In my experience, the best clients are, undoubtedly, the Japanese. They are the most courteous, and very kind. They thank you all the time and keep bowing their heads. Americans, on the other hand, are very straightforward, to the point of being rude. Questions like, “Is the pressure all right?” or “How are you feeling now, sir?” irritate them. They just tell you to stick to the job. The Spanish are an enlightened lot and know exactly what they want from the treatment. And then you have the Italians, who don’t speak much English, but are friendly.
On an average, I treat four customers a day and get seven per cent commission for each. I also receive tips sometimes: The highest I have received so far was ₹1,000.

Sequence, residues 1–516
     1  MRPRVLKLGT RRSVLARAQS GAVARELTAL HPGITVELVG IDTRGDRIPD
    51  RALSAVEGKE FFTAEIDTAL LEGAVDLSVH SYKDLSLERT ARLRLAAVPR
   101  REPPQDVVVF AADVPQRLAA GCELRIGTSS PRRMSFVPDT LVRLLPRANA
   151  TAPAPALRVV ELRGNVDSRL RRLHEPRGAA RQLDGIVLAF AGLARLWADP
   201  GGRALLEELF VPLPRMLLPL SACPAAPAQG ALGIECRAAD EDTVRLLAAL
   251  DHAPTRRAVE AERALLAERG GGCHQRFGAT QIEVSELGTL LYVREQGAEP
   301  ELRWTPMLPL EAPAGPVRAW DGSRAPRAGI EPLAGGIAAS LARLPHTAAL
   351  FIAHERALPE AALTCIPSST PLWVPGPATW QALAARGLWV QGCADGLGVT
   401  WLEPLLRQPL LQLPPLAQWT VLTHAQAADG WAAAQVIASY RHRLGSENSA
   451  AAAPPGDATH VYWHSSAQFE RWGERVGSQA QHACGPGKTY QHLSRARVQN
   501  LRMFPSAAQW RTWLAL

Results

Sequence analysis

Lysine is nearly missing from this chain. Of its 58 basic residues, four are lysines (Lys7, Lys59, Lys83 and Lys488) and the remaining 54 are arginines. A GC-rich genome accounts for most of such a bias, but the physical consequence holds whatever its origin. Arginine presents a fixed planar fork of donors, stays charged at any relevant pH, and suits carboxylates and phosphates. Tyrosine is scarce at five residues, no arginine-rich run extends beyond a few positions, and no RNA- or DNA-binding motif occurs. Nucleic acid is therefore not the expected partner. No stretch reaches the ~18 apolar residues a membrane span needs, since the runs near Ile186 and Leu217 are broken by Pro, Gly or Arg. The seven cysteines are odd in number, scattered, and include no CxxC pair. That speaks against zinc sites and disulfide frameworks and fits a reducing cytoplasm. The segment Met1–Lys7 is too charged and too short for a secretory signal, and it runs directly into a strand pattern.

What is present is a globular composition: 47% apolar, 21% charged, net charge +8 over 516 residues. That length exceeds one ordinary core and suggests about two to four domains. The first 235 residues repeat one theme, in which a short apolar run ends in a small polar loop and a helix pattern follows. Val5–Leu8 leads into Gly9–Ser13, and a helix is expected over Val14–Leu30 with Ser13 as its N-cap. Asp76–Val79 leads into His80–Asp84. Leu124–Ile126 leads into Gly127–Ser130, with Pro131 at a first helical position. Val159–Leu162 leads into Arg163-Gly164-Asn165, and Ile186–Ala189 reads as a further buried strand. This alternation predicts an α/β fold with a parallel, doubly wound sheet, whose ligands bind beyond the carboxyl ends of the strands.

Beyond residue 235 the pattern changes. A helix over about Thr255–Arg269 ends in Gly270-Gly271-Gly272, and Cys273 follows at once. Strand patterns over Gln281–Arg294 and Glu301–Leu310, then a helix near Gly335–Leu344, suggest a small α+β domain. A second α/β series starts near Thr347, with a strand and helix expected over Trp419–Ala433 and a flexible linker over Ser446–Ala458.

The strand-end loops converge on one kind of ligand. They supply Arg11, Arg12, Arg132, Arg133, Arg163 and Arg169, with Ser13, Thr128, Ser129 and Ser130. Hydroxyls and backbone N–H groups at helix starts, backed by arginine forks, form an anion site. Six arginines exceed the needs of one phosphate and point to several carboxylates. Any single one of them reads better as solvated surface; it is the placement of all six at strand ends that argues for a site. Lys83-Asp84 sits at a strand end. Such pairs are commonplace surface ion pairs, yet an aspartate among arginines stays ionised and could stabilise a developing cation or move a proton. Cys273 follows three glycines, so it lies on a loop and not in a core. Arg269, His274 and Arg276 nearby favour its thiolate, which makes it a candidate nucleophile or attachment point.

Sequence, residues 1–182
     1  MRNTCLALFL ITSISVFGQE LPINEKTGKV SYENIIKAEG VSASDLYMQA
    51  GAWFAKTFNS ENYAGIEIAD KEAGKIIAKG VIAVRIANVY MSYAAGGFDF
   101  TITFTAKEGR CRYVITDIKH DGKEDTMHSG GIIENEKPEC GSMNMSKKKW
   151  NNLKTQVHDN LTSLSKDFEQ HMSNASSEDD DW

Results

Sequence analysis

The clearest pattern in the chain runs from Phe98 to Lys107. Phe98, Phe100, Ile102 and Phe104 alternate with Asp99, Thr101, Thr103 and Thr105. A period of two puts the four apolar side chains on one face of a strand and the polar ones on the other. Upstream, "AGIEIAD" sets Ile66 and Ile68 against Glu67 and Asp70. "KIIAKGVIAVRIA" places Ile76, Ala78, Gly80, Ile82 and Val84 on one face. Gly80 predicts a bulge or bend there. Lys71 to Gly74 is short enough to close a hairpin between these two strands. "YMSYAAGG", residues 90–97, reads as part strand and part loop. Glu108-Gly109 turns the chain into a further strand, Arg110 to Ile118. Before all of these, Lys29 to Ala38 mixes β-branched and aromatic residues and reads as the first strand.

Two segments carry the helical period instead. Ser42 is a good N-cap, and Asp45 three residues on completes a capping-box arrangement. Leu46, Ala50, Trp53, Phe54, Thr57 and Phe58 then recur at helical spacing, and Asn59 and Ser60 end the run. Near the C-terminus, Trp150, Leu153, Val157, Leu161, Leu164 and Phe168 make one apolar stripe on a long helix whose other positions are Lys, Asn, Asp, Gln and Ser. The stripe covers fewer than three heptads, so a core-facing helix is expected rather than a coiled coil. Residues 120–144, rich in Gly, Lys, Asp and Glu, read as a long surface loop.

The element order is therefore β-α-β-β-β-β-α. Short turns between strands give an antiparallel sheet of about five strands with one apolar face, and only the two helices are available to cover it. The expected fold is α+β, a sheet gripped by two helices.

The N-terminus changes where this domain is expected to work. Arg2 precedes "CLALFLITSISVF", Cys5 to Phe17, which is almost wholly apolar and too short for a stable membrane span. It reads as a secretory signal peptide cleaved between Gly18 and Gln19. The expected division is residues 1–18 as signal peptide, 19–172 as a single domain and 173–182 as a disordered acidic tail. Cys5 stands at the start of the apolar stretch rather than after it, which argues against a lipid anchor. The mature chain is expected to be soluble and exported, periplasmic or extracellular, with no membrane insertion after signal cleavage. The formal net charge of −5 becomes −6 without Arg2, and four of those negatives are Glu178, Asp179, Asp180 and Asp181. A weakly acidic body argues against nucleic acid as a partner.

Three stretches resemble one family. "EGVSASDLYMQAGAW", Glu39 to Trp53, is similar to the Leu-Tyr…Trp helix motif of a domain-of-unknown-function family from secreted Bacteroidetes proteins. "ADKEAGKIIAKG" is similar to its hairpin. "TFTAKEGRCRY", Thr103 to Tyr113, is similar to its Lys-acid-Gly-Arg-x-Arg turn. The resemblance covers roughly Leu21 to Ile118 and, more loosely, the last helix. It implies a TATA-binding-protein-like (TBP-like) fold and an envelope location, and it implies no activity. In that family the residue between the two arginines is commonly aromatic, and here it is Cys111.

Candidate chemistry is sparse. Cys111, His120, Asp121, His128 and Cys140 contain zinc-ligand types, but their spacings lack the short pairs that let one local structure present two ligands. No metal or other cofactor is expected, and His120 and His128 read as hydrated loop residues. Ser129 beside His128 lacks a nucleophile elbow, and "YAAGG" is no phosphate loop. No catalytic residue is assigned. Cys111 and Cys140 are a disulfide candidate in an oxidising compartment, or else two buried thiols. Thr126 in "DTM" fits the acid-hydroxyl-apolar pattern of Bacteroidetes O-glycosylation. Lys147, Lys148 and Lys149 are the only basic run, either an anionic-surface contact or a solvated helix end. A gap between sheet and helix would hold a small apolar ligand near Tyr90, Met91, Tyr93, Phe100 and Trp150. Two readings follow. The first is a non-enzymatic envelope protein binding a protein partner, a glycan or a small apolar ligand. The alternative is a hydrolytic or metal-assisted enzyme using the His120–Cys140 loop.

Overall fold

Some men break down completely when they feel hands on their body. Touch does that. A few start telling me about their life and career problems. I listen quite keenly; I’ve always been a good listener. I tell them it will all shape up. People like to be reassured, I guess. It’s a fragile world, isn’t it? Sometimes they start talking about all their financial and family problems. They tell me about fights with their wives. The massage is not just a physical release for them. In that session, inside that fragrant room, the world outside can be momentarily forgotten.
I am 33 now. Next year, I plan to get married. I have a boyfriend who is a graphic designer. I guess I am moving up. The money is not much better, but my life certainly is. I still go to Ziro once a year but it seems so far away. I may get to work in an international spa.
Maldives, perhaps? I’m ready to go.
As told to Nishiraj Baruah.
Nishiraj Baruah has reported extensively on travel, electronic music, adventure sports, and lifestyle. Along the way, he has collected 127 knives from various parts of the world. Otherwise, he’s busy playing the darums.